Prophets call us to pay attention to what God is asking of us. Theirs is not an easy task, for no one likes to be reminded that they've fallen short of the mark. I wonder who our prophets are today? Who are the folks who remind us that we're supposed to be the best we can be, not our worst selves!

It takes great courage to speak the truth. I'm not sure I always have that courage.

We celebrate our independence on July 4th. I also always celebrate my dad, Jim Porcelli who was and lives on in our family memory as a wonderful man. My dad was a quiet guy, but I think he had convictions he was willing to stand up for. I believe he was an honest man who tried to do the right thing in all circumstances. He was a loyal friend. He was funny. He had his shadow side for sure, but when all is said and done, he was a man of principle.


So, while the rest of you celebrate Independence this week, I will hold in  my heart a memory of a man who taught me to be an independent woman, strong and loyal. A person who holds dearly to her values and tries to stand for the truth. My prayer for each of us is that, when the time for courage is needed to speak the truth, in love, the Holy Spirit will fill our hearts with all that is needed to speak and stand for what is right for our world.




Wednesday, May 30, 2018

To Become What We Receive


Image result for image for holy eucharist





Sunday, the Church celebrates the Feast of Corpus Christi, the Body and Blood of Christ. It seems to me that this should be a huge wonderful celebration in our Catholic community, given that our belief in the Real Presence of Jesus in the Eucharist is one of the few theological realities that distinguishes us from our Christian sisters and brothers. Yet, very often we take the sacredness of the Eucharist for granted don’t we?

Every Sunday, or even, every day if we choose, we have the opportunity to come together in prayer and worship. Along with one another we hear Scripture proclaimed, we pray for the needs of our world, we come to the altar to receive Jesus in the Eucharist. We ‘Go in peace, to love and serve the world”.

We are supposed to become what we receive, aren’t we? Once we share in the Body and Blood of Jesus Christ are we not invited to be his hands and feet in our world? Aren’t we supposed to be changed to our very core by the mystery of the Eucharist? Shouldn’t we be better people after Mass then when we began?

Do we allow the Eucharist to change us? Do we want to let Jesus transform us to be more like Him or, is that too overwhelming a thought to grasp? May our prayer today for each other be that we have the courage to want to be more like Jesus. As we leave Church, let us take to heart the mandate to love and serve the world, as Jesus asks us to.

Thursday, May 3, 2018

Pruning? Ouch!



Image result for google images of pruning plants


I've been thinking a lot about pruning this week. Probably because at least twice if not three times I've had the opportunity to pray with the "I am the Vine You are the Branches" scripture passage.  At first I got caught up in all the usual thoughts, didn't seem to move my heart anywhere in particular. Soon I realized that pruning isn't really about removing the dead useless branches as much as it is having the wisdom to remove healthy growth, so the plant can grow fuller and more healthier. God knows I can't keep a plant alive to save my life. I have no idea how to prune anything.  But God must be pruning me all the time. Apparently it's not a choice between good and bad, but rather a choice between good and better! So the question I'm pondering is, do I have the courage to trust that God knows what God is doing in my life? How much do I really trust God anyway?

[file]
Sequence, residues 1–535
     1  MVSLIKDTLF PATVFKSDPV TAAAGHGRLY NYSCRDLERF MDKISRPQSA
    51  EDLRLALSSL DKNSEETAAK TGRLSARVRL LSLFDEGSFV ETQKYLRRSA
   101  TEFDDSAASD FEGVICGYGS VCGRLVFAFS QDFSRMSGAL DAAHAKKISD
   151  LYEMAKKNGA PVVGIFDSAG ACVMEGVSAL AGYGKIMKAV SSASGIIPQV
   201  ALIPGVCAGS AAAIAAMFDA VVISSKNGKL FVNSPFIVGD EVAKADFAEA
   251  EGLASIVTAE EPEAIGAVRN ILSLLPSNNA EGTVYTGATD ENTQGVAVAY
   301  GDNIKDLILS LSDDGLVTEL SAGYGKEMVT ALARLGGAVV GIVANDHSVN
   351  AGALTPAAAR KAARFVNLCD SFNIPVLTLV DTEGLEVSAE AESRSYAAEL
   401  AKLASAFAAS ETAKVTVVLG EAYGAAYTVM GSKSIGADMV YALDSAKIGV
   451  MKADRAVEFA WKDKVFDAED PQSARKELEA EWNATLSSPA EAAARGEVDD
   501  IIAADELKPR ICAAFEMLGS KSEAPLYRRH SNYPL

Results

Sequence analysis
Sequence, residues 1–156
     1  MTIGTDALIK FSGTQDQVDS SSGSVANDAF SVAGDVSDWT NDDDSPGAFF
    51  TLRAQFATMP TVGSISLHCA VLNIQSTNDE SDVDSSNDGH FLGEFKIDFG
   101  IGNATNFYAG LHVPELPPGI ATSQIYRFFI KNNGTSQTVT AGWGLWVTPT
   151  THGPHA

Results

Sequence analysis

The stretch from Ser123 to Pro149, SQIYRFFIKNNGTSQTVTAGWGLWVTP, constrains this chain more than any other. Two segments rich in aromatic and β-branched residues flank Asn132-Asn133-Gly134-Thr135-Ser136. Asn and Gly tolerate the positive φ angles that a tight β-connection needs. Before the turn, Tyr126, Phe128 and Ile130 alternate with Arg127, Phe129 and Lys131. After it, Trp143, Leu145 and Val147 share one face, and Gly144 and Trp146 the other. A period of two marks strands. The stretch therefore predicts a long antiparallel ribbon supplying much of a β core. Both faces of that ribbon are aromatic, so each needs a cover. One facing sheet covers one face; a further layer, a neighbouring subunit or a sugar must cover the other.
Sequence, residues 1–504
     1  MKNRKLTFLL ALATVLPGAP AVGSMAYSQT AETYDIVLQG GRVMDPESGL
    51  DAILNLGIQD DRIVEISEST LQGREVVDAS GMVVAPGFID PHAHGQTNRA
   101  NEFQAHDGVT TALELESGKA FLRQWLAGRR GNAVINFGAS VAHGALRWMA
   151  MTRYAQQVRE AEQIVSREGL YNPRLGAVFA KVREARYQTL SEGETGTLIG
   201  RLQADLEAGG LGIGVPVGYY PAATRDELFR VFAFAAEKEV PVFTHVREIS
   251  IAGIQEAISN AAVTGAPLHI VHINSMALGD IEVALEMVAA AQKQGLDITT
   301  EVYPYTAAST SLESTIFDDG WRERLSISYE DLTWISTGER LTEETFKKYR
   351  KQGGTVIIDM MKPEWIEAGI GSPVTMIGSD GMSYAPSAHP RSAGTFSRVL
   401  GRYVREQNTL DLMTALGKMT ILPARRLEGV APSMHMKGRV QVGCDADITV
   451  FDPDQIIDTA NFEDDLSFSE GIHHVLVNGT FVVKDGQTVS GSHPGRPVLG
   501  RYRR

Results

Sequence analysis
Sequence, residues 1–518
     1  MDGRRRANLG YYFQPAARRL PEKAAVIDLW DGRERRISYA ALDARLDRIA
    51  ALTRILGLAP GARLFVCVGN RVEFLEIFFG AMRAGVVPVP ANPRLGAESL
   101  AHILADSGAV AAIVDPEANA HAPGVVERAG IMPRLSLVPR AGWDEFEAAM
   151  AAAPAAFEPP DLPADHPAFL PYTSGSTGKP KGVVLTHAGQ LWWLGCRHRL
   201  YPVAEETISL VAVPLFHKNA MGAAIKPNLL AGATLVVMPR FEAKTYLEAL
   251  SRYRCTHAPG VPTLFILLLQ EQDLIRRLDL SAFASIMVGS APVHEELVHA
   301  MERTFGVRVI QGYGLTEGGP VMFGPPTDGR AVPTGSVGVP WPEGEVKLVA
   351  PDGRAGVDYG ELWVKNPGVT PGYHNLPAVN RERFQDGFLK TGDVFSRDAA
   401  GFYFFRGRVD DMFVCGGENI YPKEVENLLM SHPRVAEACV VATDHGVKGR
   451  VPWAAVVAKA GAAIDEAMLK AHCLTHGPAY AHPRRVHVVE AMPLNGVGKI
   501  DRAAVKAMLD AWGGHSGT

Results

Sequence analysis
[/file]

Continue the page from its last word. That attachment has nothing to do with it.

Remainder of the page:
I can look back on my life's journey and see all the ways God has led me from one place to the next. And in each of those moments, there really was a letting go of something that had made me happy, for the possibility of greater ministry, more work for the kingdom in a new place. It truly was a choice for something I didn't even know could be 'better'! What a "sneaky" God we have. Bringing us to more joyful moments we couldn't even imagine.

So here at St Francis de Sales we prepare now to celebrate baptisms, communions, confirmation, and a pretty significant anniversary for our pastor. I'll throw in my niece's college graduation for good measure! Oh, and another niece performing at Carnegie Hall...it's gonna be a busy month.  And for all the blessings that will be shared in all these beautiful moments, I am most grateful.

These are the joyful moments I'll hold on to on those less than perfect days when my mom doesn't seem to recognize me, when I find myself in a ridiculous argument with someone close to me, or when a day is just too sad to move through. Maybe these are the moments of pruning that I need to endure in order to blossom better in the days to come.

I want to believe I trust God enough to let him prune me as he sees fit. I'm not sure that's true, but it's what I've been praying all week long, so, maybe...I'm getting there bit by bit. Hope you are too!

Thursday, April 19, 2018

Hunger